• New World



    Released By:
    Well Go USA
    Released On: 17/23/2013
    Director: Park Hoon-Jung
    Cast: Choi Min-Sik, Hwang Jung-Min, Lee Jung-Jae, Park Sung-Woong, Song Ji-Hyo
    Year: 2013
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    The Film:

    With an impressive array of Asian genre films on the market, it's safe to say that relative newcomer label Well Go USA has been more hit than miss when it comes to putting out great films. Flying out of the gate for 2013 is Park Hoon-Jung's New World, another winner in the form of an ultra-violent Korean gangster flick.

    The sudden, rather nasty death of the Goldmoon Corporation's Chairman has left an opportunity for one enterprising individual to take the reins of the corrupt syndicate, and three worthy contenders step up to the plate. The most likely successor is the wickedly cold-blooded Lee (Park Sung-Woong) who uses his gang of thugs to great bloody effect in just about every situation, inspiring most of the other more businesslike board members to step aside while he takes control. Opposing Lee and acting as a great comedic foil to his emotionless cold-blooded behaviour is Jung Chung (Hwang Jung-Min) who spends his non-violent moments buying cheap knockoffs of luxury items and rocking one of the funniest hairstyles ever seen in a Korean action film.

    The third contender, however, has a different agenda; Ja-Sung (Lee Jung-Jae) is an undercover police agent who has been working to infiltrate Chung's gang for almost a decade. When he discovers that his wife is pregnant, he attempts to hand in his resignation...but the police department's top brass, including Chief Kang (Choi Min-Sik) have other ideas that involve placing Ja-Sung in the Chairman's seat to "control" the organized crime in the region, acting as a puppet for the police department. Kang's efforts to turn Lee and Chung against each other to pave the way for Ja-Sung prove to be disastrous, however, as the two hardened gangsters become convinced that there's a rat in the house. As each gang ups their efforts to expose the informant, the body count increases substantially, and Ja-Sung comes closer to being exposed.

    Written and Directed by new kid on the block Park Hoon-Jung, New World is an impressive entry that twists and turns throughout the running time, leaving the viewer wondering what in the hell is going to happen next. Apparent good guys and likable characters are brutally killed off, as are various bad guys who seem destined to end up on top by the conclusion. Throughout the film, Park keeps things interesting with some fantastic locations, tight action sequences, intense beatings and gangland-style murders, as well as brilliantly created suspense. Adding to the awesomeness of New World are the performances themselves, with Park Sung-Woong taking the price for the baddest mofo to grace the screen in quite some time.

    While its strength lies mainly in the fact that it deviates from the typical gangster rise to power, shoot shoot shoot die die die formula, New World falters mainly in the last act of the film, as it runs into tedious territory explaining what led up to the beginning of the film. It's no Vanilla Sky, but the obvious explanation flashbacks that take it over 120 minutes would've better been left on the cutting room floor. Overall, however, it's a fine film, and a monstrously impressive (almost) debut.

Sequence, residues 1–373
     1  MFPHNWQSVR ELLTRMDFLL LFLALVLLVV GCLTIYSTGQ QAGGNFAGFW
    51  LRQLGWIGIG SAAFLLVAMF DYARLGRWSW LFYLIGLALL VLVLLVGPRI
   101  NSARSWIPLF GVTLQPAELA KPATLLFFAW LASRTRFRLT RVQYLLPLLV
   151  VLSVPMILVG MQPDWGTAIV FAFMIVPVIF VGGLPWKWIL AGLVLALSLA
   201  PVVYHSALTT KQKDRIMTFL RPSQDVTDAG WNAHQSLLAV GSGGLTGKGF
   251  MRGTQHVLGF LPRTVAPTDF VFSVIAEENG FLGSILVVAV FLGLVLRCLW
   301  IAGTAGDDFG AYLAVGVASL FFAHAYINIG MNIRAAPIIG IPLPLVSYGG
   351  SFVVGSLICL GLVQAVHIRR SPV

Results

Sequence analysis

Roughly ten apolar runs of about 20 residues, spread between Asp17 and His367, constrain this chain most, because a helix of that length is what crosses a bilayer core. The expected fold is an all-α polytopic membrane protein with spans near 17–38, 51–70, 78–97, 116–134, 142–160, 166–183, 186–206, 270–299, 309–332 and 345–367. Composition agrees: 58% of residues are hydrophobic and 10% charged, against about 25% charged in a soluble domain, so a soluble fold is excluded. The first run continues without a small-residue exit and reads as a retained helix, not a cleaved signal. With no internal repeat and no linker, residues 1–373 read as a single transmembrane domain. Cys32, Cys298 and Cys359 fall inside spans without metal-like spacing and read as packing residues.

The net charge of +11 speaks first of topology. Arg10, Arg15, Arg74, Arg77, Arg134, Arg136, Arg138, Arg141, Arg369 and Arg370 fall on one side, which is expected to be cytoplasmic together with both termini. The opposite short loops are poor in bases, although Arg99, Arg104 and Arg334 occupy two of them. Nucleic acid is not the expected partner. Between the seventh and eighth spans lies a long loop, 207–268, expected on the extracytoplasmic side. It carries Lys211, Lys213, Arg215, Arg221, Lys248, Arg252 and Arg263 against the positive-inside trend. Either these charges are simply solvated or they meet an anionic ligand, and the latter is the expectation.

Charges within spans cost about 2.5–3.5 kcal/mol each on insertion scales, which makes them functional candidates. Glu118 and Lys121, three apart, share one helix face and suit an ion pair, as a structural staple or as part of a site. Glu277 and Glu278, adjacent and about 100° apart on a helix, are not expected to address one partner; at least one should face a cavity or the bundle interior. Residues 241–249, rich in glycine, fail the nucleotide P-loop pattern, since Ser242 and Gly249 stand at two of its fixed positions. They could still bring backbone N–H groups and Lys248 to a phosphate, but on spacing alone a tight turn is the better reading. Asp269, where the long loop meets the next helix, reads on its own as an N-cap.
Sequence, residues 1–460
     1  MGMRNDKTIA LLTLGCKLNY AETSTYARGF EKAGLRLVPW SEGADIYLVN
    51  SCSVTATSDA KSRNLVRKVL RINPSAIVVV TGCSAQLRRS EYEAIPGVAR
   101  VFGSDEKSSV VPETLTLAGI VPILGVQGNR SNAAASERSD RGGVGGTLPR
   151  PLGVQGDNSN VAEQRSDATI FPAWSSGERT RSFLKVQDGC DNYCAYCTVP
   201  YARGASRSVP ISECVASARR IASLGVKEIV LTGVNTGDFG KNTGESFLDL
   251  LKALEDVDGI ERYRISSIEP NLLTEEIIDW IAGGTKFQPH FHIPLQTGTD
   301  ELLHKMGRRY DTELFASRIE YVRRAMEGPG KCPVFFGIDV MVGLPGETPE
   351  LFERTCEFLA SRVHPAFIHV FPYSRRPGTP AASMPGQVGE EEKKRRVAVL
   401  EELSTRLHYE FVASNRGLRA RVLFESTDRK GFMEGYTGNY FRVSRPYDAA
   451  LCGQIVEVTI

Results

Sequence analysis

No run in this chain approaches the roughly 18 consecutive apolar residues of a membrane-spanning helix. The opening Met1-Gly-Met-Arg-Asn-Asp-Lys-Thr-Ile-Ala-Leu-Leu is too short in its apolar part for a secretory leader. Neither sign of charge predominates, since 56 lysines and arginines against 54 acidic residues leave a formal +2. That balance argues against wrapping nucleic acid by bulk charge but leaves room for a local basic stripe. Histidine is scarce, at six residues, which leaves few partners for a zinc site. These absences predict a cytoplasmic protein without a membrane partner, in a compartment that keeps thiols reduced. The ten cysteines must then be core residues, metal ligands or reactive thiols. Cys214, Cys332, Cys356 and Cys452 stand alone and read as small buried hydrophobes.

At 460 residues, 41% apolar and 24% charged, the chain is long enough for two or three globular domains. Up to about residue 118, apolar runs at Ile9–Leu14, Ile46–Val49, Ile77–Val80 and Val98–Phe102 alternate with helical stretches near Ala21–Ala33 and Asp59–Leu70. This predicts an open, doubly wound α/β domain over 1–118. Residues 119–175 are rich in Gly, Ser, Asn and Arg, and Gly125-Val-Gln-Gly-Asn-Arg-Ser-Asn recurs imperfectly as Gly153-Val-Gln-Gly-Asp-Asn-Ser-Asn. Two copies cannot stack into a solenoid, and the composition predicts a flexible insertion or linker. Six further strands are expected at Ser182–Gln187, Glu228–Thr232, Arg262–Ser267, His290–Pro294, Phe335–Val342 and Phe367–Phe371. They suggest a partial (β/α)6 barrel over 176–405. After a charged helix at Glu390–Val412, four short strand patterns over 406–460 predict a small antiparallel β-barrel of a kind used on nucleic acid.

Video/Audio/Extras:

    Well Go brings New World to blu-ray with a 2.35:1 transfer that looks fantastic, as any modern film should. Blacks, and there are a whole lot of them, look deep and solid, with the vibrance of the cityscape nicely balanced. The contrast appears a little heavily boosted in some places, but it fits with the attitude of the film; let's assume that it's intentional. There's nary an artifact to be seen, and detail is incredibly rich.

    The DTS-HD 5.1 Korean audio track is also impressive, with good dynamic range and liberal use of the surrounds and subs. Many action sequences make full use of multiple channels, bringing the action to your home theatre. Dialogue is balanced well with sound effects and score, and the subtitles are clear and easy to read.

    This disc doesn't feature too much in the way of extras, though a short "Making Of" is included that's more a collection of on-set footage, as well as a semi-animated still gallery and a trailer. 3 previews for other titles are also accessible from the main menu.

    The Final Word:

    A stupendous effort from a new filmmaker, New World is definitely worth seeing, and the Well Go USA blu-ray is a great way to do that. Recommended.

    Click on the images below for full sized Blu-ray screen caps




















    Comments 3 Comments
    1. Paul L's Avatar
      Paul L -
      I've been curious about this one for a while. Thanks for the detailed review, Mark: it looks like an interesting film. I think I'll most likely import this release rather than wait to see if it ever turns up in the UK.
    1. Alison Jane's Avatar
      Alison Jane -
      Watched it yesterday. I enjoy these Asian gangster flicks but there's always SO MUCH going on in them that I feel like I'm missing about half the story. The fight scenes were pretty badass.
    1. Mark Tolch's Avatar
      Mark Tolch -
      I got kinda burned out on Asian ganster flicks awhile back, and I'm always kinda hesitant watching them. This one was messing me up at first because everyone is pretty much dressed exactly the same, and as Ian mentioned elsewhere and as Alison mentioned here, it's hard to keep track of what's going on. It was pretty rad, though...and that one dude is a total fuckin badass. So vicious. Anytime butcher knives are brought to a gang fight, you know it's going to get ugly.